Coronavírus causa descarte de leite nos Estados Unidos

Publicado por farmfor em

coronavírus causa descarte

Produtores americanos também estão sofrendo com o cancelamento de contratos e já descartam milhares de litros de leite nas fazendas

Os efeitos da pandemia de coronavírus estão afetando os produtores rurais em diversos países do mundo. Como já divulgamos aqui recentemente sobre a situação em Portugal com o descarte de leite de ovelha, desta vez destacamos os problemas relatados nas redes sociais pela produtora e ativista do agro Nikki Boxler, da Boxler Maple Farms.

A produtora usou o Instagram para desabafar sobre a situação na propriedade onde foi obrigada a descartar uma carreta inteira de leite recentemente, por ordem do laticínio. “A indústria de laticínios é a primeira a sentir o efeito das grandes crises, por trabalhar com um produto tão perecível”, relata.

Uma carreta inteira de leite descartado.

O leite foi descartado pois a indústria está com o estoque cheio, sem condições de receber mais caminhões. Ao mesmo tempo, sem vender por conta do fechamento de escolas, restaurantes e serviços de fornecimento de refeições.

A propriedade de Nikki Boxler fica no estado de Nova York, um dos mais afetados no país pela pandemia de coronavírus.

Coronavírus causa descarte também em outros estados americanos

Milk Dumping

For years, the milk truck pulling into our farm drive has been something we can set our clock by, just like the sun rising or the church bells ringing. Today was different, though. The milk truck didn't come for it's scheduled pickup. For the first day ever in 44 years, our milk hauler didn't run their regular route, taking milk from farms to the dairy processing plant. We've watched on social media for days as dairy farms across the country have dumped perfectly good milk literally down the drain. We secretly wondered if that directive would make it to Ohio. We never imagined it would come to our farm, though… until yesterday. First, we heard a rumor from a neighbor who sends their milk to the same plant as we do. Then, later in the day, it was confirmed with a call to us: every producer who sends their milk to our plant is dumping one pick up (one to two days' production, depending on the farm) down the drain, ourselves included. The milk plant is full. It cannot hold another drop. Yesterday delivery trucks, who take the bottled milk to the grocery stores, returned back to the plant with full jugs. Stores didn't have any more room on their shelves to accept delivery. This created a backlog at the milk plant, who had no choice but to leave perfectly good milk at the dairy farms. On a normal day, the dairy industry is highly volatile. The last several years have been tense. Rising input costs and diminished returns have strained even the most financially sound dairy farms. When you add in a world-changing event like COVID-19, all bets are off the table. Since the beginning of March, milk prices have plummeted. Exports are down, and domestic markets are unstable. As if that's not enough, when you add grocery store limits and closed restaurants to the mix, an already complex system becomes even more complicated. Transportation is expensive, so it's not always conducive to move milk surpluses in one part of the country to another area that might be deficient. Perhaps the most worrysome effect of this milk-dumping is the mental and emotional strain it puts on farmers. It took over an hour for our milk tank to drain today. That's a long time to watch the time, money, and care you've invested into your cows go to waste. Our hearts sank as 31,000 pounds, or over 3,600 gallons, dumped down the drain and flowed into our manure lagoon. As dairy farmers across the country take turns disposing of a perfectly good product, it's safe to say the tears will fall as quickly as the milk drains. There are people going hungry in every community across the country. They don't know where their next meal will come from or what it will consist of. Certainly, some fresh milk would be welcomed in the food pantries that serve our neighbors. The next time you're at the grocery store, if there aren't posted limits, would you please pick up a couple extra gallons and drop off at a food pantry? It will help your neighbors, and hopefully it can have some good for some dairy farmers. Or, order a pizza with extra cheese and have it delivered to your local workers on the front line. Heaven knows, we would love to see some good come from a bleak situation. When you say your prayers tonight, add farmers to your list. They've weathered storms before, and God-willing, they'll weather this one too.*This video shows the milk getting dumped from the tank into the drain, which flows to a contained manure lagoon. There is another video in the comments of it dumping into the lagoon.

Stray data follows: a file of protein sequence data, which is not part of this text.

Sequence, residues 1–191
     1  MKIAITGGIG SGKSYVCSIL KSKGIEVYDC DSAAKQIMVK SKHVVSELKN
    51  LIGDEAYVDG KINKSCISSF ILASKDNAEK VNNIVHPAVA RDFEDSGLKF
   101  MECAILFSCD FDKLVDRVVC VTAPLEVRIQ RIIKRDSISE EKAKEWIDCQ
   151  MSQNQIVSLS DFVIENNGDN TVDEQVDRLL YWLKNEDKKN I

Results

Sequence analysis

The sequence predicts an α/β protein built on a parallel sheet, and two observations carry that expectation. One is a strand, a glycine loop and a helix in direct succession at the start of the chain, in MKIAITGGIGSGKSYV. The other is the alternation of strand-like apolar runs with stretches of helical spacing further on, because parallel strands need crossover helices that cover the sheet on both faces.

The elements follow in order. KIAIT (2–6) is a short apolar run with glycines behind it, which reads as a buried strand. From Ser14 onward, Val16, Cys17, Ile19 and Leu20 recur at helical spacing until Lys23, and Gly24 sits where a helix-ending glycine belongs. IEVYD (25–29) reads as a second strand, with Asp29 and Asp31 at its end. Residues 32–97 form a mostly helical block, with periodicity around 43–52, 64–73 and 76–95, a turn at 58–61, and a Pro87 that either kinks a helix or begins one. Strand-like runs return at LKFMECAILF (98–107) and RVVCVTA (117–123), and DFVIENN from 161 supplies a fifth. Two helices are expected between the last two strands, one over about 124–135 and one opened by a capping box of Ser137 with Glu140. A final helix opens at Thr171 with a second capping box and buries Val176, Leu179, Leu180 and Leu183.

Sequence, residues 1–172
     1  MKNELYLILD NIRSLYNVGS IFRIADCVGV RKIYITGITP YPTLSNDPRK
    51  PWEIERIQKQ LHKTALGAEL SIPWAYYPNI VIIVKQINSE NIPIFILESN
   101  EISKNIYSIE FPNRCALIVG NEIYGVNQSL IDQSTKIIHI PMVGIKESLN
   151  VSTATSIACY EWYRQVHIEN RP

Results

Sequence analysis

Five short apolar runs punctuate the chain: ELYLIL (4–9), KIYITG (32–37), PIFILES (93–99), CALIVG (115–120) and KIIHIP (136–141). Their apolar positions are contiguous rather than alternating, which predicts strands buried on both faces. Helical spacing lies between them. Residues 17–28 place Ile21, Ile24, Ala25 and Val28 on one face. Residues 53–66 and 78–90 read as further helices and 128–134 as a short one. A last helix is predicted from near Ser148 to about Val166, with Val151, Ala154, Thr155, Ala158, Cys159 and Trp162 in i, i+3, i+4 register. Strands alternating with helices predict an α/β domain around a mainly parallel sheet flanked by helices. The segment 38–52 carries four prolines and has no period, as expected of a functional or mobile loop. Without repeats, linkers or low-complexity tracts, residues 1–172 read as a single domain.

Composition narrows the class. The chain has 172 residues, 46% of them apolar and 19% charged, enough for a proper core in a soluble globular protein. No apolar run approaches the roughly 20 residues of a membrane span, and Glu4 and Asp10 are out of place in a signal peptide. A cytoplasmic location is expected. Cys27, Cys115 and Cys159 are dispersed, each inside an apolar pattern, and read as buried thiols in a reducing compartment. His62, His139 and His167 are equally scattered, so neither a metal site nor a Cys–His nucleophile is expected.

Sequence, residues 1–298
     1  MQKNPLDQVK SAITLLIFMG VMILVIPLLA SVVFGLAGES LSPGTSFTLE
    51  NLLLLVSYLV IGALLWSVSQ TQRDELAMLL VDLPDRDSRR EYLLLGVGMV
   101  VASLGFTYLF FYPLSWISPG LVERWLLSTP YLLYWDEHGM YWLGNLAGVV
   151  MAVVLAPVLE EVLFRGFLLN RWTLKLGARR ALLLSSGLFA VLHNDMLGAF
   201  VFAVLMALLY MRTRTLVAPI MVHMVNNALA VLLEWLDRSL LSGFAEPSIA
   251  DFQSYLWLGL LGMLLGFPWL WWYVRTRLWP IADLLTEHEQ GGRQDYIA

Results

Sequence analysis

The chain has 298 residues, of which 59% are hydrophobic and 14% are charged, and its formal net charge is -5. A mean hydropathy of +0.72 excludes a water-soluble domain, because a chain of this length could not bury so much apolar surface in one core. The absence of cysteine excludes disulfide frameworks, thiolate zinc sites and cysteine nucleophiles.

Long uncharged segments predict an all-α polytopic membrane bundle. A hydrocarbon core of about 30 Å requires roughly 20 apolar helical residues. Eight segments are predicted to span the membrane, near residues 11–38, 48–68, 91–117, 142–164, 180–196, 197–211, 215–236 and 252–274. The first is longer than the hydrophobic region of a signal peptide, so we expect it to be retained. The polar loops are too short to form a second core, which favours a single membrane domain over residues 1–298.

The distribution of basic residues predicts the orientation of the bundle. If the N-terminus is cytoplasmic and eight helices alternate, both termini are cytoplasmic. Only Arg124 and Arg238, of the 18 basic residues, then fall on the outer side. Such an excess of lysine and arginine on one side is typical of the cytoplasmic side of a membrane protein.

Posted by Hartschuh Dairy Farm on Friday, April 3, 2020
No estado de Ohio, a Hartschuh Dairy Farm mostra nas redes o mesmo problema.

Segundo o jornal USA Today, propriedades no estado de Wisconsin chegam a jogar fora quase 100 mil litros de leite por dia por não conseguir entregar nos laticínios. Por enquanto, as cooperativas ainda estão pagando os produtores, mesmo no leite descartado. Mas o caixa não é eterno e não se sabe quanto tempo a situação ruim irá durar.